Kendall Gretsch and Oksana Masters knew as they headed to Tokyo last month that both of them were in position to make history.
If things went well at the Paralympic Games Tokyo 2020, Gretsch and Masters would join a select group of Americans who’ve won a gold medal in both the Summer and Winter Paralympics.
Paratriathlete Gretsch and Masters, a cyclist, were among five Nordic skiers who competed for Team USA in the Tokyo Games. They joined Aaron Pike, a five-time Paralympian who was competing in his third Summer Games as a track athlete, as well as fellow track athletes and Paralympic rookies Dani Aravich and Liza Corso.
Gretsch, Masters and Pike are members of the U.S. Paralympics Nordic Skiing national team, while Aravich was named in June to the U.S. development team. Corso is a promising newcomer to the sport.
Once the snow melted, the five athletes turned their attention to their respective “spring” sports. They qualified for the Tokyo Paralympics while still keeping an eye on the Beijing Winter Olympics, which are set to begin in March.
Gretsch got the action started Aug. 28 with a dramatic finish in the first women’s triathlon wheelchair race in Paralympic history. She said she entered the race knowing she’d have plenty of ground to make up because there’s a staggered start in her classification and she’s in the second group.
Australia’s Lauren Parker, the 2019 world champion, quickly separated herself from the rest of the field. However, Gretsch closed the gap and made a charge over the final meters to win the gold in 1 hour, 6 minutes, 25 seconds.
Gretsch finished one second ahead of Parker to become only the fifth American to win gold medals in the Summer and Winter Paralympics. She earned a pair of golds in Para Nordic skiing three years ago in PyeongChang.
“I knew it was going to be such a close race the entire time,” Gretsch said following the race. “That type of finish is something I’ve been training for with my coach and my entire team this entire past year. It’s kind of special that it ended that way because that’s what we worked for, and it was just incredible.”
On Aug. 30, only two days after Gretsch’s race, Masters joined her teammate and winter training partner as the sixth American to win a gold in both the Summer and Winter Paralympics.
Masters earned her first gold of the Tokyo Paralympics when she won the women’s road cycling time trial in the H4-5 classification with a time of 45:40.05. She followed it up the next day by pulling away from China’s Sun Bianbian to win the women’s road race H5 in 2:23:39 — more than three minutes ahead of Sun, who took the silver.
The highly decorated American now has a total of 10 medals from five Paralympics, including two golds in Para Nordic skiing from the 2018 PyeongChang Winter Paralympics.
“This basically sums up my emotions of @tokyo2020,” Masters wrote on Instagram alongside a photograph of herself crying on the medal podium in Tokyo. “All happy tears mixed with ugly crying when you realize your dreams came true even when you doubted yourself at times but your team behind you always believed in you.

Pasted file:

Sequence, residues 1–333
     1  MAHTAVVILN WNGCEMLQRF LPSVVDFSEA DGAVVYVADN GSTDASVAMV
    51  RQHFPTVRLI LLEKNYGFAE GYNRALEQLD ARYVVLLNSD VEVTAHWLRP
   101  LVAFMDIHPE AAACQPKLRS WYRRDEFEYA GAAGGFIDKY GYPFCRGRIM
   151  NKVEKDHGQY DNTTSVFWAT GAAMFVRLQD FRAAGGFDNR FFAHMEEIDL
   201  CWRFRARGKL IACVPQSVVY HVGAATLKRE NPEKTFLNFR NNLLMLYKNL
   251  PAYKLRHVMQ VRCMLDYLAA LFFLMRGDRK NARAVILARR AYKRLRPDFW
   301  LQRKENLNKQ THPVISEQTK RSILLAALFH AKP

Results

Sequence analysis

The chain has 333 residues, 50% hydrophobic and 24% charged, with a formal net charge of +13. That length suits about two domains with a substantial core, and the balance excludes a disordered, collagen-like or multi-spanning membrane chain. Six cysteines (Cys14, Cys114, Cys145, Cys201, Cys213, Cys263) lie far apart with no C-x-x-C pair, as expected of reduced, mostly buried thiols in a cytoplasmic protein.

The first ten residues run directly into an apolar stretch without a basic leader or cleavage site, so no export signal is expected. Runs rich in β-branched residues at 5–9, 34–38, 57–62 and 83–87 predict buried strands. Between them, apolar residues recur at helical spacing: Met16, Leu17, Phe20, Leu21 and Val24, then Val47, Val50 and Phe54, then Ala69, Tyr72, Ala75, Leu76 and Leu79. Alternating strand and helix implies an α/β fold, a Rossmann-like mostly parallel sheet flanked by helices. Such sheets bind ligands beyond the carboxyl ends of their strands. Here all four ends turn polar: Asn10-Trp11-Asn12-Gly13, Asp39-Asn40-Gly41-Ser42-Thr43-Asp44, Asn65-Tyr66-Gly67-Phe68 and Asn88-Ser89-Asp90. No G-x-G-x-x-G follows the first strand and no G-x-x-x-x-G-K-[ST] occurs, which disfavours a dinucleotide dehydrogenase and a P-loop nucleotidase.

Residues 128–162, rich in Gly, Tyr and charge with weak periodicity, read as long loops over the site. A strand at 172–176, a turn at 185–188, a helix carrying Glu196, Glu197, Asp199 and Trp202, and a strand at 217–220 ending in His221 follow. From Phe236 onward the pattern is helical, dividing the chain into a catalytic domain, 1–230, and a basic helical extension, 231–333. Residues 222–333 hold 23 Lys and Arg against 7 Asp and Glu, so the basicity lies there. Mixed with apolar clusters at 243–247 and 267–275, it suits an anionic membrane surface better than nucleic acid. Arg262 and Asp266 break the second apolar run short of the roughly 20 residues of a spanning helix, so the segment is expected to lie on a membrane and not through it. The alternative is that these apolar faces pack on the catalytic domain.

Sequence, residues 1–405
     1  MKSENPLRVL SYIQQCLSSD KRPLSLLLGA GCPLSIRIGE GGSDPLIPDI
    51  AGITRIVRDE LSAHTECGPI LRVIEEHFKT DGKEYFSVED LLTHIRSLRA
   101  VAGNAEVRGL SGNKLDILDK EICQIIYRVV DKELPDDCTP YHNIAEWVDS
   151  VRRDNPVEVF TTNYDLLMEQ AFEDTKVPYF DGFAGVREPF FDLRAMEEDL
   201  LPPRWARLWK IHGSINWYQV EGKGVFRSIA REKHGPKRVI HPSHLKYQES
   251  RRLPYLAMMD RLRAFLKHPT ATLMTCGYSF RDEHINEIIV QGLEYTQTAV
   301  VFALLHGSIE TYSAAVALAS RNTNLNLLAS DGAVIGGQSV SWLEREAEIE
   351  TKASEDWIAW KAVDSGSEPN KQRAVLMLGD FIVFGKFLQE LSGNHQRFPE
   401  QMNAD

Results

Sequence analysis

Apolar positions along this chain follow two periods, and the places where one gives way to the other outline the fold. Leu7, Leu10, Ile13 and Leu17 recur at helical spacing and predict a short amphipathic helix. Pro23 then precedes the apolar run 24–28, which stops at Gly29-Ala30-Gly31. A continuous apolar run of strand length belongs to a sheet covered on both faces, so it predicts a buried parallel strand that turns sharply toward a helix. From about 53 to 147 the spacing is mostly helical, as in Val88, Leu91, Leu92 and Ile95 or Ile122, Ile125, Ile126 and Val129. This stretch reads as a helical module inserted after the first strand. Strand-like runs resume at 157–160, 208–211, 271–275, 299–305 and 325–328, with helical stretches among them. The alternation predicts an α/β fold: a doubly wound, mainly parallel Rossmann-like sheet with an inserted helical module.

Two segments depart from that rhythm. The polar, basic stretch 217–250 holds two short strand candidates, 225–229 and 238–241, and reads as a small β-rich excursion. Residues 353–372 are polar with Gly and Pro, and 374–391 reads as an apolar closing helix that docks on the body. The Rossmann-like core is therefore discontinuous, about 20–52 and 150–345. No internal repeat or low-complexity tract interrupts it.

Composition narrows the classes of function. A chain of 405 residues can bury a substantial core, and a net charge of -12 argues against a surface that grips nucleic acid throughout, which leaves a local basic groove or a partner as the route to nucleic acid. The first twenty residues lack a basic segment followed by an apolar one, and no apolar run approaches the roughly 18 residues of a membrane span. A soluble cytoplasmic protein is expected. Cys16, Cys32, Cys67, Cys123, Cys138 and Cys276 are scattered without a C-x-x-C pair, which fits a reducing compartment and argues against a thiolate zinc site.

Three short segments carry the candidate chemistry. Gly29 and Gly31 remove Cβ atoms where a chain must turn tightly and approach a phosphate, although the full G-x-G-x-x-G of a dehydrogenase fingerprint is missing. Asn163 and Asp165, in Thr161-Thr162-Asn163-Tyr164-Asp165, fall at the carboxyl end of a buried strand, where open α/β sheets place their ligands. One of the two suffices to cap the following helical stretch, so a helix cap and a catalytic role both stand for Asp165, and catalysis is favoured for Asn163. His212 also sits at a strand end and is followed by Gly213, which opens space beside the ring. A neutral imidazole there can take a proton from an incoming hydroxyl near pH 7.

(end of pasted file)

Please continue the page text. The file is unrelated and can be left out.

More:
“I CAN’T wait to put 2 GOLD Medals around my mom’s neck.”
Pike and Masters are dating, forming a Paralympic power couple.
He competed in four events in Tokyo, with his best finish coming in the T54 marathon. He placed sixth in the wheelchair race with a time of 1:29:45. In addition to also competing in the 800-, 1,500- and 5,000-meter races, Pike found time to root on Masters, even though he couldn’t attend her race as a spectator.
“I would have killed to see that in person,” Pike wrote on Instagram following Masters’ second gold-medal finish. “I knew you were going to put the field in a world of pain when I saw some of the big climbs that course had!”
Corso is beginning her freshman year at Lipscomb University, where she’ll run track and cross country. But, first, the former high school track star made her Paralympic debut.
Corso surprised herself on Aug. 28 when she set a personal best in the 1,500-meter T13 final and took the silver medal in 4:30.67.
Despite running with her legs feeling “a little tired,” Corso hung in the middle of the pack before making a push on the final lap to finish behind only gold medalist Tigist Menigstu of Ethiopia (4:23.24).
“I never expected to take 13 seconds off my personal best and come home from my first Paralympics with a silver medal!” Corso wrote on Instagram. “I can’t thank everyone enough for all the love and support throughout this journey!”
Not long ago, Aravich, a former cross country runner at Butler University, didn’t know she was eligible to compete in the Summer or Winter Paralympics. She’s now hoping to qualify for both in less than one year.
Aravich competed in the 400-meter T47 run, finishing her first-round heat in 1:03.76, though that was just shy of advancing to the final.
Though disappointed, Aravich admitted afterward that she went into the race with realistic expectations and knowing that her “chances of even making the finals would be tough.”
She has already turned her attention to preparing for the Winter Paralympics.
“How lucky am I to have the opportunity to do this all again 6 months from now in a different sport. Time to hop back on skis & focus on Beijing,” Aravich wrote on Instagram. “At the end of the day, I am a Paralympian. And no one can take that from me.”